Just read the 'Branding Guayana' piece and its Outbouding discussion, and I thought I'd share one of my own experiences on a state-sponsored fam trip.
Really interesting - I like his juxtaposition of "curiousity" vs "commerce" as a travel writer. I've been on a few fam trips, and I identify more as a marketer than a writer, which lessens dilemma somewhat for me. That said, I can definitely relate to his feelings of unease and sleaze about destination promotion.
I posted an article I wrote called The Anatomy of a Fam Trip about two years ago - not exactly a critique but another glimpse about what they're like and how very different they are from the kind of travel we pursue on our own.
I read this piece around five years ago when it was written, before introversion became a big buzzword. It's still the best piece I've found on introversion and travel, and I still revisit it now and then.
Interesting read -- I didn't know about that THC-friendly hotel -- it's within a mile or two from my apartment!
Since cannabis was legalized for recreational use, Denver smells even more like pot than it did during medicinal legalization. As far as enforcement goes of smoking in public spaces, there seems to be a pretty "blind eye" approach. I haven't heard of any fines issued, and this is while people are toking in the national parks, on the ski lifts (I got offered a hit from a boarder bro's bowl in the Mary Jane lift of Winter Park ... go figure), in city parks, at concerts both indoors and out, etc etc.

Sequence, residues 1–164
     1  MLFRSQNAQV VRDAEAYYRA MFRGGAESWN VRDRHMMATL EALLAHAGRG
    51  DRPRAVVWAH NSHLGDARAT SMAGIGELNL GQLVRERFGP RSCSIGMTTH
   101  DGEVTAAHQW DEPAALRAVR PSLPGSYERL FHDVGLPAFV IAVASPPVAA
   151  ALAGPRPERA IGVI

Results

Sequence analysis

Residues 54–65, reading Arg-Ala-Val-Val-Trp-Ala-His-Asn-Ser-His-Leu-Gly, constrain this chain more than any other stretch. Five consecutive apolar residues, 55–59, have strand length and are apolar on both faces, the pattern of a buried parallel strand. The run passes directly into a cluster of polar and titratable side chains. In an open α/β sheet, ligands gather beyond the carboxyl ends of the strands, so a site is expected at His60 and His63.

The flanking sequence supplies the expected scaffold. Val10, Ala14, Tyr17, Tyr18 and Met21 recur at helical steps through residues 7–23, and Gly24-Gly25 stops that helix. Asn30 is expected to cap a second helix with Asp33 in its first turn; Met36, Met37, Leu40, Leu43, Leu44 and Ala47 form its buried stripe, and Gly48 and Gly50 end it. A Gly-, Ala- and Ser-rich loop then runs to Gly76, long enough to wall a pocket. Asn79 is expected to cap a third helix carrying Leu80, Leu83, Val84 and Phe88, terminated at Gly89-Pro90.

Despite lax enforcement, I haven't heard any anecdotes of travelers planning pot-centric trips to Denver or Colorado. Although I could see how it might be a deciding factor between, say, a ski trip to Colorado or a ski trip to relatively puritanical Utah. I can also see how it might be a deciding factor for more migration to Colorado, as newly-arrived transplants are attracted to the entire Colorado package of great mountain adventure, a thriving craft beer scene, nice sunny weather, and freedom to walk into a dispensary and buy Swedish Fish-looking candy infused with THC, just for fun. The edibles, btw, are surprisingly potent and bypass the whole smoking-in-public dilemma for visitors.
Yes, the course is open to anybody, whether they are going for the certificate completion or not. Cost is $390 for the 5-week course (Nov 7 - Dec 14, 2014) and time committment is about 4-5 hours per week of readings and forum participation.
Hope to see a few Outbounders there!
This was my favorite piece at the Banff Mountain Film Festival last year (and the only piece to focus on a local livelihood in dramatic mountain conditions rather than westerners in far-flung places doing extreme sports). I was thrilled to find that it's available online =)
Finally! My Spanish Language and Lit major is worth something =) Here are a few thoughts, more soon:
Bolivia: Marching Powder, by Thomas McFadden
Guatemala: The Art of Political Murder, by Francisco Goldman
Mexico: Like Water for Chocolate, by Laura Esquivel
Chile: The House of the Spirits, by Isabel Allende (or Ines of My Sou, by Isabel Allende as well)
Argentina: The Gospel According to Mark, Jorge Borges (short story)
Spain: The Shadow of the Wind, by Carlos Ruiz Zafon
Slovenia: Veronika Decides to Die, by Paulo Coelho
Any thoughts as to how/where/by whom this map will be compiled and published?
A voluntourist's rich self-portrait of his relationship with a local boy while in Haiti doing relief work.
Taxi driver musings and commentary are definitely the stuff that travel is made of. I loved this!